Preservation of fresh-cut vegetables; a producer’s and consumer’s sake

In recent years, new food packaging concepts have been developed to respond on consumption trends towards mildly preserved, fresh convenient food products. Fresh-cut vegetables are an example of fresh-like, healthy convenience foods, developed in the ‘80s in the UK. Their market is yearly increasing with 25% in West Europe.

Packaging fresh-cut vegetables under an Equilibrium Modified Atmosphere (EMA) is one of the new applied food packaging technologies offering a prolonged shelf-life of respiring products by suppression of the respiration rate. Different from other fresh foods (such as meat and fish), fruits and vegetables continue to actively metabolise during post harvest periods. By matching film permeation rates for O2 and CO2 with the respiration rate of the packaged fresh-cut vegetables an equilibrium modified atmosphere can be established inside the packages. The use of low oxygen concentration (1-5%) and high carbon dioxide concentration (5-10%) (balance N2) in combination with storage at refrigeration temperatures (optimally 4°C), is proposed as optimal storage conditions for fresh-cut vegetables to maintain the sensory as well as the microbial quality. By this modified atmosphere, the enzymatic browning reaction on cut surfaces is inhibited and the general structure of the plant tissue sustains longer in its typical turgoricidy and crispness resulting in a better protection for microbial invasion.

Packaged fruits and vegetables are usually exposed to varying surrounding temperatures during handling, transportation, storage and marketing. Changes in the environmental temperature creates a specific problem in EMA design because the respiration rate is more influenced by temperature changes than is the permeability of semi-permeable films used to obtain the EMAs. Due to this fact, it is difficult to maintain an optimum atmosphere inside a package when the surrounding temperature is not constant. A packaging film that produces a favourable atmosphere at the temperature for which the package was designed for, may cause excessive accumulation of CO2 and/or depletion of O2 at higher temperatures. This situation could lead to metabolic disorders such as production of off-flavours. Therefore, temperature must be controlled thoughout the whole distribution chain from farm to fork and the consumer as well has to take his responsibility by storing these products as soon as possible in the refrigerator (between 4 and 7°C).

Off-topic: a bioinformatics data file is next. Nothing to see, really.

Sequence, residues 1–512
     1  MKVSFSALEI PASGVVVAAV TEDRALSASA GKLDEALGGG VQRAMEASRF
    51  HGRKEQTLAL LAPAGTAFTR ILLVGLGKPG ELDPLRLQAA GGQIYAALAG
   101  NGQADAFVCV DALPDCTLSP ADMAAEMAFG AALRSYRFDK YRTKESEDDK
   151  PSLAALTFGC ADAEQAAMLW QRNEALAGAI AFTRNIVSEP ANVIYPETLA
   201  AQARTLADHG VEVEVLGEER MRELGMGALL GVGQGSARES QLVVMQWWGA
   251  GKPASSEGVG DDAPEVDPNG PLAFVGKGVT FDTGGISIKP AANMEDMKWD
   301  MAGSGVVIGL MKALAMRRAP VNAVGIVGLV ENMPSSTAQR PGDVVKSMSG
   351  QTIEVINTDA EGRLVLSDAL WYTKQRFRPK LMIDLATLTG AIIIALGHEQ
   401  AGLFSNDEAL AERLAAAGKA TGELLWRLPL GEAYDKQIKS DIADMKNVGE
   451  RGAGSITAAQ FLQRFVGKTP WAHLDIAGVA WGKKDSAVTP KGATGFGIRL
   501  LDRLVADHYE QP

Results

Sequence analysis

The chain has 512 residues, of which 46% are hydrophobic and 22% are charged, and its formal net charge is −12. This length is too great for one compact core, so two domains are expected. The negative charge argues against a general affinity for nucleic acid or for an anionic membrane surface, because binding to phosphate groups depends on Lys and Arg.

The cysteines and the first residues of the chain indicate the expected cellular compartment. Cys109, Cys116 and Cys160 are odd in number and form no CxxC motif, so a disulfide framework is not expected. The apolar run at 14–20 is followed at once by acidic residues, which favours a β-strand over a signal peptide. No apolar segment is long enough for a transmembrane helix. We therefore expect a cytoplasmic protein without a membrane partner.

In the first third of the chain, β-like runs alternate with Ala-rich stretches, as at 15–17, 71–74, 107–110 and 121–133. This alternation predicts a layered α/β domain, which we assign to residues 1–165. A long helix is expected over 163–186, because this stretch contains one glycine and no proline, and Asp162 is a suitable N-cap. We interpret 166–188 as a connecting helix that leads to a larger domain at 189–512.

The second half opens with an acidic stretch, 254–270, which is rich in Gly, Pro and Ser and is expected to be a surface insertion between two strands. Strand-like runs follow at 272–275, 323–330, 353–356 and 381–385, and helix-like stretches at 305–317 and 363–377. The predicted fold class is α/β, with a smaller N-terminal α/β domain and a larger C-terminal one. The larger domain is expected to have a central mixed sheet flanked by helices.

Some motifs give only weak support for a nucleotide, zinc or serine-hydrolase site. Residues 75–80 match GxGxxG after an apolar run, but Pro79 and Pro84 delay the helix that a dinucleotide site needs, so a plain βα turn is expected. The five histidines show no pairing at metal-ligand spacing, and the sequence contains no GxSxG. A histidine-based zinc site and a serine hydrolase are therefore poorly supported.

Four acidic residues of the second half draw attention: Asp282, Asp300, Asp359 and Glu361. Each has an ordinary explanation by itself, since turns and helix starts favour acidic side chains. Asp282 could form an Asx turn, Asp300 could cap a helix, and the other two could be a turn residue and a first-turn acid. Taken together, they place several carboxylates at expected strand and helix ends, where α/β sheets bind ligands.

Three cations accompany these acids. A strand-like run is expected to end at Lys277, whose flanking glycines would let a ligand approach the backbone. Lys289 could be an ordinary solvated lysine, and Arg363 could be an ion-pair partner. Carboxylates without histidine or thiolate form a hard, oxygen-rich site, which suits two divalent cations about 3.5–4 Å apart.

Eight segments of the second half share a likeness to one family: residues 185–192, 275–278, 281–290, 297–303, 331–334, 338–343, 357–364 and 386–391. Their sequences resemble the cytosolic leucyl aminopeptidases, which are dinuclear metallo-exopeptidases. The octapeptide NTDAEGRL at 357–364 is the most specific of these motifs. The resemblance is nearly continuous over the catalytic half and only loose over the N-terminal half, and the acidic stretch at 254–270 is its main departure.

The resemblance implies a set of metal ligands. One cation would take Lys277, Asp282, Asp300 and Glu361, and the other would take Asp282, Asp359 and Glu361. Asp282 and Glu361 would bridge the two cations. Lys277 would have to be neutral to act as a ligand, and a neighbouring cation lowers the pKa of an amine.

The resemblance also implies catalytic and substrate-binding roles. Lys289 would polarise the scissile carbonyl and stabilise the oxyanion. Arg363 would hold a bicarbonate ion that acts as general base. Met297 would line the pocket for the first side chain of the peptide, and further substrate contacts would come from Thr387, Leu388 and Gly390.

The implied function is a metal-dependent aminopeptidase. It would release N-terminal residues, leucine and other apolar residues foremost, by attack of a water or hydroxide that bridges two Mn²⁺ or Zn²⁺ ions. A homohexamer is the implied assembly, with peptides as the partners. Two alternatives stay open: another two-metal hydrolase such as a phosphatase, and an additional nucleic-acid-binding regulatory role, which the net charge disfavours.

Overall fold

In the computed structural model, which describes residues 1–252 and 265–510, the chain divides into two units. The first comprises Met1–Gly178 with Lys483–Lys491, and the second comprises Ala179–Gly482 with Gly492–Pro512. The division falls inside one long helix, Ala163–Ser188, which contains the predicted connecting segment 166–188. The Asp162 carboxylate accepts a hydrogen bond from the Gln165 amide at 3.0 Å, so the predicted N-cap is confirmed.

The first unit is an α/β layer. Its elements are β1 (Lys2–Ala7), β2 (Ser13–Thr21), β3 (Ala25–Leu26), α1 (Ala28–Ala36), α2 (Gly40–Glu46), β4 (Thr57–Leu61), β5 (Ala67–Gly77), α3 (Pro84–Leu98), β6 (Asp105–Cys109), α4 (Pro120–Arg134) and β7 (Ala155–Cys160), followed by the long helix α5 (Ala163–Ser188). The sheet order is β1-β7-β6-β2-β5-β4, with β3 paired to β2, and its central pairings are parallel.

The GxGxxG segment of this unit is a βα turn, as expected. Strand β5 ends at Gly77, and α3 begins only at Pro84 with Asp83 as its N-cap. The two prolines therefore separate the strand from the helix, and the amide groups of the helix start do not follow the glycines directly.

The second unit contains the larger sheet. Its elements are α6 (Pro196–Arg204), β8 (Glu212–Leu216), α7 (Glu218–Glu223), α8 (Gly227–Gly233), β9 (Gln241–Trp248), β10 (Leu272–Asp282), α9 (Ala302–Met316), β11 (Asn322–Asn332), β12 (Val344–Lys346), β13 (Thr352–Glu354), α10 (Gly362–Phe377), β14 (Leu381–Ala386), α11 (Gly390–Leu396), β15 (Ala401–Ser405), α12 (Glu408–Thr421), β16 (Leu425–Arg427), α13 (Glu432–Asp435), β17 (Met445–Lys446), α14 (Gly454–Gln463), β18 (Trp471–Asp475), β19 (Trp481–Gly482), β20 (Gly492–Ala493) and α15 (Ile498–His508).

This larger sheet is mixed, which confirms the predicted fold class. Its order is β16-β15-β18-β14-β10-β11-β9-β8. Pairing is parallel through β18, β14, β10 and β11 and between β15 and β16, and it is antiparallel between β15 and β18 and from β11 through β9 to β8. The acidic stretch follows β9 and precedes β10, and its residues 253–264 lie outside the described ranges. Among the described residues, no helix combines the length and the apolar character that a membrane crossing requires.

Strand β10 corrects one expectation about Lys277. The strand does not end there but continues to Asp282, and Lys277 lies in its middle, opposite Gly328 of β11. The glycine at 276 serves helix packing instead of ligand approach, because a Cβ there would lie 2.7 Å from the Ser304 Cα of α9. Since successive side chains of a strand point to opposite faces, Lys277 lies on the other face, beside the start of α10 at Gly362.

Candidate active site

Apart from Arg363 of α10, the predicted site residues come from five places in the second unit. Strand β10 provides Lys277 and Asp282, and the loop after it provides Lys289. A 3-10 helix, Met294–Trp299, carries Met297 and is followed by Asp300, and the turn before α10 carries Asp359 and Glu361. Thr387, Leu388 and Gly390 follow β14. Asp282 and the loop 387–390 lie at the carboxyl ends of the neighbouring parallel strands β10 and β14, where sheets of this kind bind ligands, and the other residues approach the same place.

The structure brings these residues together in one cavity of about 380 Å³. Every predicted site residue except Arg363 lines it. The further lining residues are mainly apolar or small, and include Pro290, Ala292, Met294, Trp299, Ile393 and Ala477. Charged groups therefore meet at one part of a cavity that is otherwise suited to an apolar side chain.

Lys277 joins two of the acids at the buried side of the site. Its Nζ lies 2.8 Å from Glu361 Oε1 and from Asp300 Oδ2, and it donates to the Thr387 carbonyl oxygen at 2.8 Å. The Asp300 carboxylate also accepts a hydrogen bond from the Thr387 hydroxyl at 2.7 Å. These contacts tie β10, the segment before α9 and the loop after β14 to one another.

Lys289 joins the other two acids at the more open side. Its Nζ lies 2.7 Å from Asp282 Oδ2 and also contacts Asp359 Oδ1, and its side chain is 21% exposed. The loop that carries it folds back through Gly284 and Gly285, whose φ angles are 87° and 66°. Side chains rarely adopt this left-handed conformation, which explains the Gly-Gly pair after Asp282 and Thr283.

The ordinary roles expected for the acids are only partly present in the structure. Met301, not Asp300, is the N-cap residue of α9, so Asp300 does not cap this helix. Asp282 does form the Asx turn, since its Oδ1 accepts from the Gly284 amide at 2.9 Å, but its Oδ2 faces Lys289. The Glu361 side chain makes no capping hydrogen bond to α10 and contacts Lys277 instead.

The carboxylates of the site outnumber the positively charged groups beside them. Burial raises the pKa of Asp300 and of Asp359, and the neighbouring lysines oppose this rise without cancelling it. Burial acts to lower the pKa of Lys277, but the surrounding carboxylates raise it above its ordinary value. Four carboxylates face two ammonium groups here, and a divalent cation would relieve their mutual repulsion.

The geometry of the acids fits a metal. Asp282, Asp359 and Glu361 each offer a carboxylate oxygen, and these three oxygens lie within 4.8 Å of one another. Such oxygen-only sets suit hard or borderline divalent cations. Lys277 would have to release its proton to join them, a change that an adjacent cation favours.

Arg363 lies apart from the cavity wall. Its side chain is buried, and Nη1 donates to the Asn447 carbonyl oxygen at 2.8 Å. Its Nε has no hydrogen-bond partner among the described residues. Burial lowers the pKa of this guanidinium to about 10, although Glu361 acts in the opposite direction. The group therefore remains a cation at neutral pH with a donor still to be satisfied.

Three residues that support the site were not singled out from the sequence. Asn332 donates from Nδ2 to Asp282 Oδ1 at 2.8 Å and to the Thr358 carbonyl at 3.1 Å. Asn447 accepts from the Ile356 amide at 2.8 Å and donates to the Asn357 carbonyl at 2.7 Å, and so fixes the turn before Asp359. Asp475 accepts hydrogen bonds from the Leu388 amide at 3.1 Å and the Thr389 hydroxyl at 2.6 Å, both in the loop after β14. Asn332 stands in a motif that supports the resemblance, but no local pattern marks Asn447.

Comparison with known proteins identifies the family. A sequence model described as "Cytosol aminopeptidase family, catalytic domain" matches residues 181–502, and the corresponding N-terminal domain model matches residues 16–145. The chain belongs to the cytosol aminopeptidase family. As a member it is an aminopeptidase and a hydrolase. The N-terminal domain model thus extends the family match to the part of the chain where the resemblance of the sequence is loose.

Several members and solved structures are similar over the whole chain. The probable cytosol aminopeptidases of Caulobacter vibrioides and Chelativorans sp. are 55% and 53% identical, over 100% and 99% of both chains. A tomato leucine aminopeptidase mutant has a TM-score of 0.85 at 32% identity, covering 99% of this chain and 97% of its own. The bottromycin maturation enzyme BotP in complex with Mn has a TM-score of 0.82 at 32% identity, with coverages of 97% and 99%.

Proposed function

Storage experiments were conducted at different (constant) temperatures (between 2 and 10°C) and also a distribution chain for refrigerated products was simulated. Storage temperature is found to be of paramount importance to maintain the microbial and sensory quality evolution of minimally processed vegetables. Parallel to these experiments, the microbial safety of these products was evaluated. An optimal temperature was defined as 4°C in order to guarantee a certain microbial and sensory quality to the consumer but to guarantee as well the product safety.

Finally, a high oxygen atmosphere was evaluated as an alternative packaging atmosphere for fresh-cut produce, sensitive to enzymatic browning (vegetables such as shredded chicory endive and grated celeriac; fruits such as apple and pear). This atmosphere (i.e., > 70% O2) showed a substantial reduction of both microbial and sensory spoilage: both the enzymatic browning and the outgrowth of yeasts were reduced.

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Liesbeth Jacxsens alphagalileo

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